IP Address: IP address is a 32 bit number assigned to a particular network devices. IP address are usually shown broken upto four 8-bit number ranging from 0 to 255. It is easier for our human brain to wrap around the number such as 192.168.0.1 than 11000000101010000000000000000001.
Netmask: A netmask is a way of saying how many IP address you have in a particular block. Generally you have seen a netmask of 255.255.255.0. This was standard for corporate network for many years. This means you have 256 IP address in your network block.
For example, if the IP address of your machine is 192.168.9.79 and it has the netmask of 255.255.255.0 , you know that your local network has other 255 IP addresses.
A netmask is a simply a line between the network and the host IP address. The classic 255.255.255.0 netmask means that the IP number is fixed for the first 24 bits, and that you can change the last 8 bits.
Still you have problem in understanding ? Let us look at the following example:
Suppose your admin issue you the block of ipaddress 192.168.9.0 to 192.168.9.255 with the netmask of 255.255.255.0. The first 24 bit of the addres(192.168.9.0) are fixed and you can do anything with the last 8 bits. Look at netmask as a binary number and it will start make a whole lot of sense.
255.255.255.0 = 11111111.11111111.11111111.00000000
In this case any digit 1 has been set by the admin that issued you yor IP address; any digit that is a 0 can be changed by you. The first 24 bits are all 1s, meaning that you cannot change that part of the IP address on a machine on your local network. You can change the numbers that are in 0 section of the netmask. The 192.168.9 part of the IP is all in the part of the netmask marked by 1s, so you can’t change those numbers. The last chunk of the IP address, the part after the last period, is in the section marked off by 0s. so you can change this.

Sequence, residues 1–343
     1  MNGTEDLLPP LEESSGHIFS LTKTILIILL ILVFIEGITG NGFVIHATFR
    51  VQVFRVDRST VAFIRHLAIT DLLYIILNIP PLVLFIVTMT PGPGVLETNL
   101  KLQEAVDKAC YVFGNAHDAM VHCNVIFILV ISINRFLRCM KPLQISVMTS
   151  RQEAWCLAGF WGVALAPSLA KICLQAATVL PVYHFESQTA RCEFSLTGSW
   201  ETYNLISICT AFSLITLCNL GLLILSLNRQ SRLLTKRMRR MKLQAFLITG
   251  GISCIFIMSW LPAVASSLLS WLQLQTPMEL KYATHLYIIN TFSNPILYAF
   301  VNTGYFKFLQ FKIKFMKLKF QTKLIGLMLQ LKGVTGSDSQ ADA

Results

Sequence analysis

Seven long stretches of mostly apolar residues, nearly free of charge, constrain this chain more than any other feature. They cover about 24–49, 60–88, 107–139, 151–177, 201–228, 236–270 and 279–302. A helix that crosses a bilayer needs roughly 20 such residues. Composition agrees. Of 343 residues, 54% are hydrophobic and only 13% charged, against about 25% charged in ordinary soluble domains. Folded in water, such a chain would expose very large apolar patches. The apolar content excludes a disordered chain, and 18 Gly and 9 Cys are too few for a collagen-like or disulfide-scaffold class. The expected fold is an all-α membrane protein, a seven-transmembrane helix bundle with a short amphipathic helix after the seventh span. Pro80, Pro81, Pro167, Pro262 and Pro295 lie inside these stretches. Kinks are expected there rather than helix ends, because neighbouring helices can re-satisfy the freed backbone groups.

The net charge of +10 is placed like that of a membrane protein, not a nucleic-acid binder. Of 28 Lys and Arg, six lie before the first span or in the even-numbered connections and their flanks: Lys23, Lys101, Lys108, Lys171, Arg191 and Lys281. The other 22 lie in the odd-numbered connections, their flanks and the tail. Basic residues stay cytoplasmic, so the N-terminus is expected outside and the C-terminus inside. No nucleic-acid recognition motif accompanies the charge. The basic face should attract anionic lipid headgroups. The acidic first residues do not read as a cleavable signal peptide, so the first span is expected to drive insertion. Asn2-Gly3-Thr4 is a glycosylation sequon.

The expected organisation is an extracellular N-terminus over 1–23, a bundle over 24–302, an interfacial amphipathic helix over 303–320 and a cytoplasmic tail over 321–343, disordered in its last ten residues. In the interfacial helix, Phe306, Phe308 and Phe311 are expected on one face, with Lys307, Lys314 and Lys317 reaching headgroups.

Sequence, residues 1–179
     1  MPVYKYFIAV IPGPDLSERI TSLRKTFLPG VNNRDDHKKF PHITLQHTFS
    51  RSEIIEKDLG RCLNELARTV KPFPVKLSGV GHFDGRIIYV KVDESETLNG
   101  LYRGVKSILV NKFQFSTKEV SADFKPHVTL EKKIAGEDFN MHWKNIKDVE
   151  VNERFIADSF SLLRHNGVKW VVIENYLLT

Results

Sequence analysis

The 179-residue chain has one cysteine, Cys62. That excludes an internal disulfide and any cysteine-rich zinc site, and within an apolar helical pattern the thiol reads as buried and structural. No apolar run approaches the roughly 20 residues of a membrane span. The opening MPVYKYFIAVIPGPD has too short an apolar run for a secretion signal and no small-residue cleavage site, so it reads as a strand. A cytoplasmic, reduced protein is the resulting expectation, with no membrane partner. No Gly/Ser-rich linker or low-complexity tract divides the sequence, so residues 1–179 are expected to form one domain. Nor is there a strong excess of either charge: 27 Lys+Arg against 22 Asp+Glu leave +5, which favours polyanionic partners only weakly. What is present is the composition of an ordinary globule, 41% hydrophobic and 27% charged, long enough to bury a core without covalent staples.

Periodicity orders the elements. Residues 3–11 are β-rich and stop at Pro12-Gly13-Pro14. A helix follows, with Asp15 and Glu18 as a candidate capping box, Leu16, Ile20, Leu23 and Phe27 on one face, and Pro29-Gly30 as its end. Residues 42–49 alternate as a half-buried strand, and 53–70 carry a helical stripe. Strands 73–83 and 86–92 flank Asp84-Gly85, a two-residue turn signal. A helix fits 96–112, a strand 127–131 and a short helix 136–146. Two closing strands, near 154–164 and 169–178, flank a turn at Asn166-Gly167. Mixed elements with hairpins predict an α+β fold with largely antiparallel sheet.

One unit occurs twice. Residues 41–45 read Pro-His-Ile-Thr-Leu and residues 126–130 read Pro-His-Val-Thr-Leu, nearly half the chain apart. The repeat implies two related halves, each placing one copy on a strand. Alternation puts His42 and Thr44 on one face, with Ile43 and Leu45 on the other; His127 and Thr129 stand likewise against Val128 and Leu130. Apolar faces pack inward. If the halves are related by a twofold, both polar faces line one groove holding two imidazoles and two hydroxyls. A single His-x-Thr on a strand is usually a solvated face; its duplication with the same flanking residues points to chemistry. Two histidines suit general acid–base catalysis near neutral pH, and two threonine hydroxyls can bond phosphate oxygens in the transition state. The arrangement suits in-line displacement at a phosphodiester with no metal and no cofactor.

The part of the IP address under the 1s in the netmask is called network address, the remainder is called the host address.
The netmask size is measured by the number of 1s in the netmask. This netmask has 24 1s, so it is a 24 bit netmask or a /24 (pronounced ”slash 24“). Your network block would be written as 192.168.9.0/24
Here’s is tough part: there is no reason why the boundary between the network number and the host number must lie on the convenient 8 bit bounday. The following is also a perfect netmask
If you convert this from binary to decimal you will get the netmask of 255.255.255.128. It is perfectly a right netmask, and it has 7 bits of address for your machines. That is 2 to the power of 7 is 128, so you have 128 IP address for this network.
Note: The first and last address of any block is unusable. You cannot assign a machine on a network with a netmask of 255.255.255.0 and IP ending in .0 or .255
More on netmasks: The end result of netmasks being in binary is that IP address are issued in a block that are multiples of 2. If you have 5 bits to play with, you will have 32 (2*2*2*2*2 = 32) IP address on your network, and your net mask will be a /27 (32-5 = 27). If you have 8 bits for your hosts, you have 256 (2*2*2*2*2*2*2*2 = 256)IP addresses.
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